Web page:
Missouri Says Game On For High School Sports; St. Louis County Blows Whistle
Friday night lights may shine on rural Missouri football fields, but the prospect of a fall sports season in the St. Louis metro area is looking dimmer.
The state’s athletics organization is moving forward with having a sports season open Aug. 10 but is leaving the decision on whether it’s safe to field a team to the local level. Restrictions on youth sports currently in place in St. Louis County are making it unlikely that teams there will be able to play when games begin Aug. 24.
“We would love to have sports continue, but obviously the health and well-being of our students and faculty is the most important thing,” said Amber Jordan, Maplewood Richmond Heights athletic director.
Athletes in the district are meeting at school to lift weights, run or shoot hoops in small groups, she said.
The Missouri State High School Activities Association said there will be no games or playoffs if schools statewide are closed. Also, if a school is offering only virtual learning, it will not be allowed to field teams. But otherwise, it’s planning to hand out state championships.
“It could change tomorrow, it could change next week,” said MSHSAA spokesperson Jason West. “But what we're working on right now is everything's going to start in the fall with that first allowable practice on the 10th.”
Two St. Louis County school districts, Ritenour and Hazelwood, will start the academic year fully online. Others are leaning that way too, and if they do, fields and gyms would be left empty.
The St. Louis Sports Medicine COVID-19 Task Force last week backtracked to Phase 1 of its safety recommendations for sports, capping practices at 10 people and requiring six feet of space among participants and mask-wearing for anyone not exercising heavily. St. Louis County also tightened restrictions on youth activities.
St. Louis County Executive Sam Page announced Thursday that there would be no competition among teams. He blamed summer sports tournaments for causing a spike in COVID-19 cases in the 10-19 age group.
“If these restrictions stay, I don't see how (a season) would happen, because we wouldn't be able to play against other teams,” MRH athletic director Jordan said.
The finger-pointing at youth sports for causing virus spread has angered parents and coaches.
Virus spread is more likely during large group gatherings, said Dr. Mark Halstead, a member of the St. Louis COVID-19 sports task force and MSHSAA’s medical advisory panel, “and so when you talk about youth sports those things are certainly happening when you get to the competition level, and that’s the big concern that we have.”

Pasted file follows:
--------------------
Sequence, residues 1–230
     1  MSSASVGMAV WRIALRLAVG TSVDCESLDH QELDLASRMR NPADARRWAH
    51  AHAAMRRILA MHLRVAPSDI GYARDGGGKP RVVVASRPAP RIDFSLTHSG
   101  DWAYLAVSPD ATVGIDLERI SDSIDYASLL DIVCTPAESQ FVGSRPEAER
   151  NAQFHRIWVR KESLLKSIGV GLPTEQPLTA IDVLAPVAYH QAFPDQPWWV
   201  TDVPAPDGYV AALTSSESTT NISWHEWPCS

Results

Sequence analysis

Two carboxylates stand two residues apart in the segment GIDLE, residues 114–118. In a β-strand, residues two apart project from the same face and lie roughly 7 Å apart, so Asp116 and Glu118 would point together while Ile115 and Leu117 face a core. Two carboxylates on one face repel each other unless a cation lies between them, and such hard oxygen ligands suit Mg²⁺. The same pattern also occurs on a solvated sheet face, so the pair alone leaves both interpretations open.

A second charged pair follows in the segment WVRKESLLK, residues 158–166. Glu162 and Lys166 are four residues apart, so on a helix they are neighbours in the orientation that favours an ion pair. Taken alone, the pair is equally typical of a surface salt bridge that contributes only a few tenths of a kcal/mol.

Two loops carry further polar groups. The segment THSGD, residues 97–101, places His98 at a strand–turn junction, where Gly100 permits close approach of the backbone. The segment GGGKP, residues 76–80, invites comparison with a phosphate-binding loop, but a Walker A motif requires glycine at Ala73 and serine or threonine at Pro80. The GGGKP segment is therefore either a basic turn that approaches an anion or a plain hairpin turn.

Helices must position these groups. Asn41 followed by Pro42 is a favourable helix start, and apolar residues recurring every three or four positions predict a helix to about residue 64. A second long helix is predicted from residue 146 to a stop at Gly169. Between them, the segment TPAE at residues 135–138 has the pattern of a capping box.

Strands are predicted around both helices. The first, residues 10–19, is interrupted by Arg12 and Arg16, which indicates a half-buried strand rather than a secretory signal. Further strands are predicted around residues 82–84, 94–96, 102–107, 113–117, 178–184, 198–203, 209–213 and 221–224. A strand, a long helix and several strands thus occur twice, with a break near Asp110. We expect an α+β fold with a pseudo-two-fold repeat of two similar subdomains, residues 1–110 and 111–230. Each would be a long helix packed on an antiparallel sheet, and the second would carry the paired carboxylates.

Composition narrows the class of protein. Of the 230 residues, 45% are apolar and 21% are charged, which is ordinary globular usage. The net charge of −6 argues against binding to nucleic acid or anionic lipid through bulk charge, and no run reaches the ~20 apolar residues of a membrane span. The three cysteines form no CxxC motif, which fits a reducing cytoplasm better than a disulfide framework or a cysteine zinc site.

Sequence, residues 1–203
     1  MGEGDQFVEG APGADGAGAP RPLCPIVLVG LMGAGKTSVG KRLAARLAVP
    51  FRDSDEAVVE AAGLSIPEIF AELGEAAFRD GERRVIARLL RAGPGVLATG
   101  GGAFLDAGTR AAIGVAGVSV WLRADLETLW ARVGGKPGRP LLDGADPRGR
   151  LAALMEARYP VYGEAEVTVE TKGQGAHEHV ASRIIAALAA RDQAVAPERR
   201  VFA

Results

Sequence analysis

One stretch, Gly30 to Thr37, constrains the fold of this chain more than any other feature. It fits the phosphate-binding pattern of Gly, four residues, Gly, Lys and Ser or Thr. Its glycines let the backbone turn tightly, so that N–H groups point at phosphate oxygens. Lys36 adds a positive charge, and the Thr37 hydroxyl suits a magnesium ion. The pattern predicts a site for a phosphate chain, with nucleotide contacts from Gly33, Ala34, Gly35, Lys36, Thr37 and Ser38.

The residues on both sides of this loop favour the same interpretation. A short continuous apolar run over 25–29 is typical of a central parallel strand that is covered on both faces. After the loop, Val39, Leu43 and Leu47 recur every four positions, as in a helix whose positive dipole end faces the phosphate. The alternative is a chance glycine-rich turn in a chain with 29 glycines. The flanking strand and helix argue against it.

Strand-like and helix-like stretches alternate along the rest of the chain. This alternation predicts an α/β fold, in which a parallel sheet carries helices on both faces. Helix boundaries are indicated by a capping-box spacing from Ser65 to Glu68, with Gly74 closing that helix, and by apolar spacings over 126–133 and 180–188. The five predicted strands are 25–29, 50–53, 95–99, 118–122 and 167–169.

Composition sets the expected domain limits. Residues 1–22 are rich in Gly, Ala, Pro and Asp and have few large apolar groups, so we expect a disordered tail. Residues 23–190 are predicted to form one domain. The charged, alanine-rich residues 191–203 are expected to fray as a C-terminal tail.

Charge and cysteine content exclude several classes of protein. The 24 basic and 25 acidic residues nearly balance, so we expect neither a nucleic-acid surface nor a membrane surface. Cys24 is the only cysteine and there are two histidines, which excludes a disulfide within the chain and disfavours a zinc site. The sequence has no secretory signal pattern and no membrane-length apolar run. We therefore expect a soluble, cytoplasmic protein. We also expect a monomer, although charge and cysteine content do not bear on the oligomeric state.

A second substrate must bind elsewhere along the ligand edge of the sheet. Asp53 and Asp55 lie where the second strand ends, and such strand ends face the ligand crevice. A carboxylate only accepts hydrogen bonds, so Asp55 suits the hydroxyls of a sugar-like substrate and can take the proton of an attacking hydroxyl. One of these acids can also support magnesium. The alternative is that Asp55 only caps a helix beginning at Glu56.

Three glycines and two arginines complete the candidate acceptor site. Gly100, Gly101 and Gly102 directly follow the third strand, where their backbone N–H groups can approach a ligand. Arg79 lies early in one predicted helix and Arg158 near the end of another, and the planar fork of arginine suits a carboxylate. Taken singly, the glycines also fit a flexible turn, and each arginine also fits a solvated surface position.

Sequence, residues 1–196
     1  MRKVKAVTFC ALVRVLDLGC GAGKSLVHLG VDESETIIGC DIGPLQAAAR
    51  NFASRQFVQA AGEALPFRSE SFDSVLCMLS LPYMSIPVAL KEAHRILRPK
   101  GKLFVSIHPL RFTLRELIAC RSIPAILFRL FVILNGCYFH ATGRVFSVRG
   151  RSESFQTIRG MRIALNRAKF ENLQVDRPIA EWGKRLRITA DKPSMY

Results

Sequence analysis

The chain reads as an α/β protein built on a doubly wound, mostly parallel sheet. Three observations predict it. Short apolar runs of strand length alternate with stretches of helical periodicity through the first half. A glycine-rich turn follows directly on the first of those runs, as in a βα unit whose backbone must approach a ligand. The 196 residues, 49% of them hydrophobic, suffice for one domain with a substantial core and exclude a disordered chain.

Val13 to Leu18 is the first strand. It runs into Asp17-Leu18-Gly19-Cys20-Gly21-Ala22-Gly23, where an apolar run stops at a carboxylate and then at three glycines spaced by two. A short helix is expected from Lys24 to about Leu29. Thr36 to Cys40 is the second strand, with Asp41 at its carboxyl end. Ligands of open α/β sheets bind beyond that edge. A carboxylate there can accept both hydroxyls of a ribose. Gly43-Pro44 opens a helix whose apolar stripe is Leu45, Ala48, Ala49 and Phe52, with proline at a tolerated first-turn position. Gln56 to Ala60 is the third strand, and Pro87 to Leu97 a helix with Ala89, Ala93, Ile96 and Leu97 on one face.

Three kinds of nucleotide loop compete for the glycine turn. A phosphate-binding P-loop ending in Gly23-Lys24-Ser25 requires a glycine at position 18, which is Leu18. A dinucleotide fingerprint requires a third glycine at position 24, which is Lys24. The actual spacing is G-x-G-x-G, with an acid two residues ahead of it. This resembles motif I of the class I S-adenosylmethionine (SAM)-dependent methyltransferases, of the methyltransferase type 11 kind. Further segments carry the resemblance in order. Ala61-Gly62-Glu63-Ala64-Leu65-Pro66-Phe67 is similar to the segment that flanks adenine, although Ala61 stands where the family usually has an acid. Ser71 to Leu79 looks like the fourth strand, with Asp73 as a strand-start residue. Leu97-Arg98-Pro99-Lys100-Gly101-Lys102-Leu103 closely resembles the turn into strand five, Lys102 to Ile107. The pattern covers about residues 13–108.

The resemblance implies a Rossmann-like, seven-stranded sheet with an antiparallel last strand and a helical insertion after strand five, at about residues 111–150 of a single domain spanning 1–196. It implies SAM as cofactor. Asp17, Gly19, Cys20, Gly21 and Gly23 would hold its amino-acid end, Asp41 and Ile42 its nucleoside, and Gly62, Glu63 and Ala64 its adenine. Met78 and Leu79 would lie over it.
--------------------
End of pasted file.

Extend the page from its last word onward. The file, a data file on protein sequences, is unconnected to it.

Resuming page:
“We’ve got another four weeks from now until most of the sports season competitions are actually going to potentially start up and a lot of it will depend on what we do as a group in the area, as individuals to help start to trend downward,” said Halstead, who’s a sports medicine physician at Washington University.
MSHSAA didn’t cancel the spring playoffs until April 4, after Missouri’s governor closed schools and issued a statewide stay-home order. By that point, every public school in the state had closed voluntarily.
Illinois’ high school sports organization initially took a more hands-on approach, issuing its own guidance on conducting practices and workouts. The Illinois High School Association has since deferred to the state education department and adopted its rules.
IHSA is currently planning to run fall sports competition as well, but spokesperson Matt Troha said that’s subject to change. If group limits and social distancing rules are in place, some sports will be easier to run than others. Tennis and golf, in which athletes compete alone and without contact, are easier to imagine.
IHSA officials will meet with state education department and public health administrators Friday to discuss the fall season.
Infections in teens and young children tend to be mild compared to those in adults, early public health research found, though disease experts are unsure how likely children are to spread the virus among themselves or to adults.
School districts in the farther reaches of the St. Louis region are planning to offer more in-person educational opportunities and are also moving forward on having student-athletes take the field. But if there is little or no competition to be had with St. Louis County schools, schedules may look a little bare.
“We can’t have a game without anyone to play,” said J.P. Prezzavento, a spokesperson for the Fox School District in Jefferson County.
Fox was supposed to move into a more laxed phase of allowances for practices and gatherings this week, but extended tighter limits for another week. Prezzavento said that a sports season will be a regional decision and that blowing the whistle on sports is still quite possible.
“Nothing is set in stone,” he said.
Sports are ingrained in the culture of American high schools, boosting community pride and school spirit. Organizers say they teach leadership and discipline and offer a motivation and path to higher education for some.
Troha said the IHSA has heard from member schools that “if we are going to be back in school, and these kids are going to be together in the classrooms, then it's a priority for them to make these opportunities available.”
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